Bodywork & Structure
General inspection of the body, chassis, engine mountings, seats, bonnet, boot and doors will be carried out as part of your MOT test. All components must be free from excessive corrosion and must not have any sharp edges that are liable to cause injury.
A registration plate must be fitted at the front and rear of the vehicle. The plates must be secure and clearly legible from 20 metres away.
The characters on the plate must be correctly formed and spaced and not likely to be misread.
Vehicle Identification Number (VIN)
All vehicles must permanently display a legible VIN, either on a VIN plate secured to the vehicle, or stamped or etched on the body or chassis.
All vehicles must be fitted with a speedometer. The MOT tester will check that it can be illuminated. It does not matter if the dial glass is cracked as long as the speed can be read.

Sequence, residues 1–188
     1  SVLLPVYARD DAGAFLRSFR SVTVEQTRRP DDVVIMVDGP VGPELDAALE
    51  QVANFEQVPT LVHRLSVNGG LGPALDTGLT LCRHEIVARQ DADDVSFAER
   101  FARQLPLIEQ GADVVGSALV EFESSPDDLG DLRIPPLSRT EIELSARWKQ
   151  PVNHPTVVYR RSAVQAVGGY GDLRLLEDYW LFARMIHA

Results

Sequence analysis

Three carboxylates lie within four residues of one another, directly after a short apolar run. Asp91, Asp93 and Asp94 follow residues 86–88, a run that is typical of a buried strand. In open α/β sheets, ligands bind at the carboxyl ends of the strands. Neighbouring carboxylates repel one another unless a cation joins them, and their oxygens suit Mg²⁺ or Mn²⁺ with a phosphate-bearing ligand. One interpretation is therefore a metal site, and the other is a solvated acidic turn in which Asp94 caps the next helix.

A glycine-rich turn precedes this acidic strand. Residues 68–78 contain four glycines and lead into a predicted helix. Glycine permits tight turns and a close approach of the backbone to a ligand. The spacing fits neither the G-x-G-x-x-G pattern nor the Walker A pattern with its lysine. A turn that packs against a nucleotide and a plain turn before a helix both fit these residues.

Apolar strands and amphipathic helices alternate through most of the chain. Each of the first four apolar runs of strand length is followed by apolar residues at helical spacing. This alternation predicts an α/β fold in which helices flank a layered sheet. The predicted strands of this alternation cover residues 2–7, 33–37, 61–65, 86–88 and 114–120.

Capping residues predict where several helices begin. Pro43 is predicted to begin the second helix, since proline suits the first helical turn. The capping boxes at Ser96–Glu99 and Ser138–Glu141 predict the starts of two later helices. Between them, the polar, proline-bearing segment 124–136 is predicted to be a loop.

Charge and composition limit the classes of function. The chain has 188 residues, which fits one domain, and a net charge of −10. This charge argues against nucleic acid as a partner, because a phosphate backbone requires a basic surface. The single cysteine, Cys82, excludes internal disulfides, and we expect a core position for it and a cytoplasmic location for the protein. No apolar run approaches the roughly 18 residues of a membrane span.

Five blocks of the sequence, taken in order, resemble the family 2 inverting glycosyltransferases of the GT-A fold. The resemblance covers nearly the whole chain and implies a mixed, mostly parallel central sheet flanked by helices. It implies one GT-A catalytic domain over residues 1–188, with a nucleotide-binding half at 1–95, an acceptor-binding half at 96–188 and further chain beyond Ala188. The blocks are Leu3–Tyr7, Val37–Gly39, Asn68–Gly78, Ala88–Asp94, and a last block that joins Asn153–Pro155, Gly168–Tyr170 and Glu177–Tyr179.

Fuel, Exhaust System & Emissions
The exhaust system will be inspected to ensure it is secure and does not leak or blow. If your vehicle was originally fitted with a catalytic converter, it must still be present.
The fuel system will be checked for leaks. The fuel tank cap must seal properly.
The MOT tester will use a gas analyser probe while the engine is running to test the smoke emitted from the exhaust. Emissions of carbon monoxide and hydrocarbons must fall within certain legal limits.
The MOT tester will make a visual check for excessive dense blue or black smoke emitted from the exhaust, which is a cause for MOT failure.
Mirrors & Wipers
Rear view mirrors and wing mirrors must be secure and provide sufficient views to the rear and side.
Wipers and washers must sweep a wide enough area to give the driver a clear view of the road.
The area of the windscreen directly in front of the driver must not have any damage or obstruction to the view larger than 10mm. Outside this area (the swept area), there must not be any damage or other obstruction larger than 40mm.
6.6% of MOT test fails are related to the driver’s view of the road.